“Our situation wasn’t good even before the pandemic. My family can barely afford basic things. Inflation has been out of control for years. One of our neighbors asked my father to borrow money for food just last week,” Jorge Alvarez, a 24-year-old university student from La Plata, told The Epoch Times.
Alvarez said he attended a large protest in Buenos Aires involving tens of thousands of citizens, which took place on Aug. 18. The demonstration was part of a series of organized peaceful protests aimed at demanding economic solutions from the administration of President Alberto Fernández.
Inflation in Argentina has remained at record levels since 2017. Former President Mario Macri turned to the International Monetary Fund (IMF) for financial assistance in 2018, which created a spike in foreign debt accumulation, currency depreciation, and inflation. Fernández, who took office in December 2020, promised economic reforms amidst the pandemic lockdowns brought on by the CCP (Chinese Communist Party) virus, which compounded the nation’s already struggling economy.
“My sister and her children moved in with us after she lost her job in December. She couldn’t afford her apartment. Thankfully, her oldest boy found work selling [refurbished] phones. You have to be creative to find work, even in bigger cities. Even so, it’s not always enough to pay the bills,” Maria Romero, 44, told The Epoch Times
When asked how she felt about the government’s welfare policies, Romero said: “Our government borrows money to just keep giving it away? How does that fix anything? We need jobs. We need to control prices in the stores. Years of handing out money helped put us in this mess.”
In May 2020, the Argentine government defaulted on its sovereign debt for the ninth time in its history. A combination of unstructured lending policies with the IMF and labor market challenges created dependency on the government’s extensive welfare programs.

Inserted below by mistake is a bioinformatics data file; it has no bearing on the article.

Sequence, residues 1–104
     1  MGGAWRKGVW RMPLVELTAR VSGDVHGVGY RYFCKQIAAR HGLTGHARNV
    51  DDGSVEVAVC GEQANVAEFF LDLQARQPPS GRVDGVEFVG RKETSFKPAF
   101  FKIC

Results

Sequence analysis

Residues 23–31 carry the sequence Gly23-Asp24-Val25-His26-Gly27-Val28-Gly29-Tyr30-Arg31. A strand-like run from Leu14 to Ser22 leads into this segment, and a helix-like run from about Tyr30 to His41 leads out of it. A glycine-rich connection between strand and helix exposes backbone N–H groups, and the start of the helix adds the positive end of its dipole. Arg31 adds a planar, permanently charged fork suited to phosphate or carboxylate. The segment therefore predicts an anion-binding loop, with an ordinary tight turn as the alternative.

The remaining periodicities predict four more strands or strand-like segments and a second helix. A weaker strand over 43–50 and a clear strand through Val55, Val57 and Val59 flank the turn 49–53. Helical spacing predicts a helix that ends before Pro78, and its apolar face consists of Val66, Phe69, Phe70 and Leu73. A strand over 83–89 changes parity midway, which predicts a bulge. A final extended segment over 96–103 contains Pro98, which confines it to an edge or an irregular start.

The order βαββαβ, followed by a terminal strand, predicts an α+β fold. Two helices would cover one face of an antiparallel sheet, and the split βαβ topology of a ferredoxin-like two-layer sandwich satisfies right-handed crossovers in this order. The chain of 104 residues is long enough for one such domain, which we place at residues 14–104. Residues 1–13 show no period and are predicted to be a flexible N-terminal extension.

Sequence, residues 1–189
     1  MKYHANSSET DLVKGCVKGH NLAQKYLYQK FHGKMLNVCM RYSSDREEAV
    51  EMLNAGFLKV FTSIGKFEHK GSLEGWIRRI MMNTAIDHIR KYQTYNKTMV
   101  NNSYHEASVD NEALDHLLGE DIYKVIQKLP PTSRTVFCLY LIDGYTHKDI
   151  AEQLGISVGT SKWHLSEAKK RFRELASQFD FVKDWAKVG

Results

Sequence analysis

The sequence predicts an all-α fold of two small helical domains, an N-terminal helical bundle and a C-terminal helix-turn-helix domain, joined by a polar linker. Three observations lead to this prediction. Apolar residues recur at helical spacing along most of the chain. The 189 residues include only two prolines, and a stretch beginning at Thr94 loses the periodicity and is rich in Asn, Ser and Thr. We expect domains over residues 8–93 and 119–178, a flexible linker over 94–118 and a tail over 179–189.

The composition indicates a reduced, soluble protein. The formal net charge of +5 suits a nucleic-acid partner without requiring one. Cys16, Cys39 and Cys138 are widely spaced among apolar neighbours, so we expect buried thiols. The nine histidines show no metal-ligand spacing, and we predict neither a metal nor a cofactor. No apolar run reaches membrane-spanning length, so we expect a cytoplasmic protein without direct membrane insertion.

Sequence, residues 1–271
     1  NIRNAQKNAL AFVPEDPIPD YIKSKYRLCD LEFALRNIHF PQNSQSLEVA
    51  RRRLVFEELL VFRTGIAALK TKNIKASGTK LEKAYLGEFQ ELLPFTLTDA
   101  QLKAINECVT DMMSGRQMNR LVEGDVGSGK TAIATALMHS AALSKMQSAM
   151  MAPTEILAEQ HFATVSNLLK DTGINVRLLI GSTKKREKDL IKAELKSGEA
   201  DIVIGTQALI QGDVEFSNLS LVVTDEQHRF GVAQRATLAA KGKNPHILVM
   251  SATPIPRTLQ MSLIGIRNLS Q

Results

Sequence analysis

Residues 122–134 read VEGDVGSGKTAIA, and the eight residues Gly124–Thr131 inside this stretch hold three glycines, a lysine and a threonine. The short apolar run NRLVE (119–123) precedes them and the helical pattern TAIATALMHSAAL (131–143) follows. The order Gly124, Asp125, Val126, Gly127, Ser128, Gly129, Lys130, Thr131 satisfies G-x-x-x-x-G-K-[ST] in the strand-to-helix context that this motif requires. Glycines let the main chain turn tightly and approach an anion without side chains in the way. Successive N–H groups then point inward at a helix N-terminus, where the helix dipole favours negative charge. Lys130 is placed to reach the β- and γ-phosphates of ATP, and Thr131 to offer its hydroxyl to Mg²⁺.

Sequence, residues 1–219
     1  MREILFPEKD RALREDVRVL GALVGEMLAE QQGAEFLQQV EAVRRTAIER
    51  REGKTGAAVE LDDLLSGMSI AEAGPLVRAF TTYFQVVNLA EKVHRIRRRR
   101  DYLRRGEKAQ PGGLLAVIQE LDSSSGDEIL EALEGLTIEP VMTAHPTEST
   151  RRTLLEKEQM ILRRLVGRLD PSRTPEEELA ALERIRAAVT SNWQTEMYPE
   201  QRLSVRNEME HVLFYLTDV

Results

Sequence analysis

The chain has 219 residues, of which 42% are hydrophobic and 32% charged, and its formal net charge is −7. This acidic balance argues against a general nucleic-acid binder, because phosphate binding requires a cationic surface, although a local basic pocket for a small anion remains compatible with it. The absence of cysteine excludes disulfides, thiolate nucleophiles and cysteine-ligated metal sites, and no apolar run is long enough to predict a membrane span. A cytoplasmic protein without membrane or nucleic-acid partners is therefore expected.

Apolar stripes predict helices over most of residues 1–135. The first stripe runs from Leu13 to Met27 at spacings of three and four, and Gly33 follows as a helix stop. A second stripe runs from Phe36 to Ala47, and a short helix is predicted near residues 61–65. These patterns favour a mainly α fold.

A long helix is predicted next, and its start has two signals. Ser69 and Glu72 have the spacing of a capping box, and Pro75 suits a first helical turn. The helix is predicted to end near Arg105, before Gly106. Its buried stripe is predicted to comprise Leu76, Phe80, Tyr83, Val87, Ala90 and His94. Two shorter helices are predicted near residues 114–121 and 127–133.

More than four in 10 Argentines were living in poverty at one point this year and unemployment topped out at 11 percent in January. While this is a decrease from the 13.1 percent unemployment rate in July 2020, Argentines still feel the effects of diminished work opportunities and heavy inflation.
Salvador Ortiz, 39, told The Epoch Times he’s been out of work for over two years after losing his university job in Corrientes.
“I wasn’t hired back at the beginning of 2019 since [student] enrollment was low. Then the pandemic hit. Social service money has helped, but you can’t really live on it. The work situation is much worse now and everything is expensive. I thank God the mother of my children still has her job.”
Alexandra Vega, 26, doesn’t come from a poor family and both of her parents are employed. She nonetheless had an “embarrassing” experience at the supermarket.
“I didn’t have enough money with me to buy the meat and eggs my mother asked me to get. The prices had gone up again. I called and asked which one she wanted me to purchase. She told me to leave the eggs behind,”Vega told The Epoch Times.
“I don’t come from a poor family, both my parents are still employed. It frightens me to think how people are surviving with even less,” Vega added.
Though President Fernandez, a member of the Peronist Justicialist Party, spoke of changes in the nation’s fiscal policy, Peronism in practice has historically been a disaster for the country, leading to the same kind of inflation and currency devaluation that is already prevalent.
The Epoch Times reached out to the office of the Ministry of the Economy’s office for comment, but received no response.